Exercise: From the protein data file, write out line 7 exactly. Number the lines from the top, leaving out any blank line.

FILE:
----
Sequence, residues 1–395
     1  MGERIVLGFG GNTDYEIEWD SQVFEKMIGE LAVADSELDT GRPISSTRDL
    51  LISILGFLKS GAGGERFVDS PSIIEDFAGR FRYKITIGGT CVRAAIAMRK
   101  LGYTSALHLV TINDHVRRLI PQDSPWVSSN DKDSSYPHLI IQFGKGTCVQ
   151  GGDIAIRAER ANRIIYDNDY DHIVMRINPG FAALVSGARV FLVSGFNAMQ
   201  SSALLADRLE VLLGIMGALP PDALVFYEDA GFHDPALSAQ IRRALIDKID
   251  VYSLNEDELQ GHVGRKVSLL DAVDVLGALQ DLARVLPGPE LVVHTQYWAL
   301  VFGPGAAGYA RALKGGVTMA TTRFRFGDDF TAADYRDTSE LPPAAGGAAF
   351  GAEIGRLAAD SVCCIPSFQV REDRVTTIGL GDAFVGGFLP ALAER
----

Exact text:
   251  VYSLNEDELQ GHVGRKVSLL DAVDVLGALQ DLARVLPGPE LVVHTQYWAL